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Mar
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comment Expert, Intuitive, Organizing Analogies
(But I am not sure if this answers the question as intended.)
Mar
25
answered Expert, Intuitive, Organizing Analogies
Mar
17
answered Important formulas in Combinatorics
Mar
15
revised Experimental Mathematics
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Mar
15
comment What advantage humans have over computers in mathematics?
This is an interesting answer, but it is not clear that computers will be weaker "on creativity."
Mar
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answered Important formulas in Combinatorics
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revised f(f(x))=exp(x)-1 and other functions “just in the middle” between linear and exponential
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Feb
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comment Examples of major theorems with very hard proofs that have NOT dramatically improved over time
(cont) Not easy by any means, but conceptually more digestible. Kedlaya's contribution was to adapt that technique to the pp-adic setting once rigid cohomology had strong enough foundations; the real breakthrough in simplification was in the earlier work of Laumon et al." 3) Nick Katz provided ("Four lectures on Weil II") an alternative proof of one of the main parts of Weil II using "relatively" elementary facts on étale cohomology and the so-called Larsen alternative.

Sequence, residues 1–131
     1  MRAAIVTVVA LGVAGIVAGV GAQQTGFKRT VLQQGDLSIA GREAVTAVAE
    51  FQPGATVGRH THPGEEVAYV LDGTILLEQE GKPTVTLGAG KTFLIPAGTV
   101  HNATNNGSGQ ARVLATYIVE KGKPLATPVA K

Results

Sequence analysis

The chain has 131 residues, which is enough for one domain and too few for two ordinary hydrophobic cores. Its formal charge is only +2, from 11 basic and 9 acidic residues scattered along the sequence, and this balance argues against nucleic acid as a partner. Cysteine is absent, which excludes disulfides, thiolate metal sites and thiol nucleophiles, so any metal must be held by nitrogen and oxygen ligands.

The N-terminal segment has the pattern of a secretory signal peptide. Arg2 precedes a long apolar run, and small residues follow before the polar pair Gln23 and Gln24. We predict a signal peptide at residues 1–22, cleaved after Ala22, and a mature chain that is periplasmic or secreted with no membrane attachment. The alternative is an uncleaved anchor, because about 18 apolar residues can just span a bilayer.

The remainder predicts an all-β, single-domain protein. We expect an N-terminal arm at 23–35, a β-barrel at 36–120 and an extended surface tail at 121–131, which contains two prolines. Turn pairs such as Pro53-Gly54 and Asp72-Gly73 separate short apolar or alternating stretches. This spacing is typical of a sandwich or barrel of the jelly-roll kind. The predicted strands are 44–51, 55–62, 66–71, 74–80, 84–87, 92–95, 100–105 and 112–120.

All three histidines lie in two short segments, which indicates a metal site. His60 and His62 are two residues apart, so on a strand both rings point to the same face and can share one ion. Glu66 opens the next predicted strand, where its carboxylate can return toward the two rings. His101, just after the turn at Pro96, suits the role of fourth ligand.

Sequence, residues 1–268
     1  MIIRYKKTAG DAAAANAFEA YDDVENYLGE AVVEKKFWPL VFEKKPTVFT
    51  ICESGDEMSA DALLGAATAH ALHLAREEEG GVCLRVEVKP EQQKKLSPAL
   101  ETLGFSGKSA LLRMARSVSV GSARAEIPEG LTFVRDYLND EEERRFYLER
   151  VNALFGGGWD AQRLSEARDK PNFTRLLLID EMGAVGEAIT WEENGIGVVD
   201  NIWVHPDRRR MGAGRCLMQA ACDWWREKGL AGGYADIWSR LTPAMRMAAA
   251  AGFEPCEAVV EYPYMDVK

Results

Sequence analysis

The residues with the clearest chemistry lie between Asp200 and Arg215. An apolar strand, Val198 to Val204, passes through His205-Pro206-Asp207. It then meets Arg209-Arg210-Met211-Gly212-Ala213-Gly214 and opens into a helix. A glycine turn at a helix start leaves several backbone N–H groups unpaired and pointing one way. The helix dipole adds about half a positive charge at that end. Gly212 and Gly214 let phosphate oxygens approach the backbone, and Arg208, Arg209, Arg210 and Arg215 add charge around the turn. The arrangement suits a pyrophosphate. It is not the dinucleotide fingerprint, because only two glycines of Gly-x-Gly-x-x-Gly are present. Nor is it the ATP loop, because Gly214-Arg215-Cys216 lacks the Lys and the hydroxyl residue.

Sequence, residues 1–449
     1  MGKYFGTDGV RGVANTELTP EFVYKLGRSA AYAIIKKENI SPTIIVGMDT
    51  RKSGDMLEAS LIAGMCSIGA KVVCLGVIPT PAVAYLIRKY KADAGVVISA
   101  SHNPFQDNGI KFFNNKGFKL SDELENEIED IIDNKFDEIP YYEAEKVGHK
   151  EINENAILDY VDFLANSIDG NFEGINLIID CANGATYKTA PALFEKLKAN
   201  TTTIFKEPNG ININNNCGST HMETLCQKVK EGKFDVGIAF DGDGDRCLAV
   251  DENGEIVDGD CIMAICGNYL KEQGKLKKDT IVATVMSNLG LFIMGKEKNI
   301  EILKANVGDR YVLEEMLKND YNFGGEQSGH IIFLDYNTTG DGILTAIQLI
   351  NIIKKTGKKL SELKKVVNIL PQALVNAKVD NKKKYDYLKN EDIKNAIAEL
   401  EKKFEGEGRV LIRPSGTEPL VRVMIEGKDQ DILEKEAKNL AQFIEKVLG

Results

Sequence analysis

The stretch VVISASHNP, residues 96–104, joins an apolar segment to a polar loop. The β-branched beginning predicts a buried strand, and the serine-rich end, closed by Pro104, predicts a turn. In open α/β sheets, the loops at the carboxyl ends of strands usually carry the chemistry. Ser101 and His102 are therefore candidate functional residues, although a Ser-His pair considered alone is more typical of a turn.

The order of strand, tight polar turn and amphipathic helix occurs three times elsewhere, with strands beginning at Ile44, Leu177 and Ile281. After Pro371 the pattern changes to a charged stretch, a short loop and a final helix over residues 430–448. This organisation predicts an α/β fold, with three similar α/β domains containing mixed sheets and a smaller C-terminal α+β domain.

Feb
4
comment Examples of major theorems with very hard proofs that have NOT dramatically improved over time
Here are the old comments: 1) "Is this true? I'm not an expert in the area, but the paper arxiv.org/abs/math/0210149 by Kedlaya seems to give an alternate proof (and the first section lists others)." , 2) This is not true. The technique of ℓℓ-adic Fourier transform introduced by Laumon et al. has led to a much simpler approach to the main results of Weil II (vast and much more useful generalization of Deligne's first paper on the Weil conjectures).
Feb
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Feb
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comment Examples of major theorems with very hard proofs that have NOT dramatically improved over time
Indeed there were some comments (to a deleted answer) regarding major simplification by Laumon and others for Deligne's proof.
Feb
3
comment How many simplicial complexes on n vertices up to homotopy equivalence?
Dear Vidit, This is my expectation. But maybe I am pushing it to assume it will be doubly exponential. Since you dont specify the dimension it is reasonable to think it will typically be n/2. Which also mean that the complex will typically be simply connected. The possibilities for sequences of Betti numbers are well known. I think there are roughly $2^{n^2}$ possible sequences of Betti numbers. The point is that these sequences can be very different for different characteristics. But I admit that the guess that the number is doubly exponential is pretty wild.
Feb
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Feb
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answered How many simplicial complexes on n vertices up to homotopy equivalence?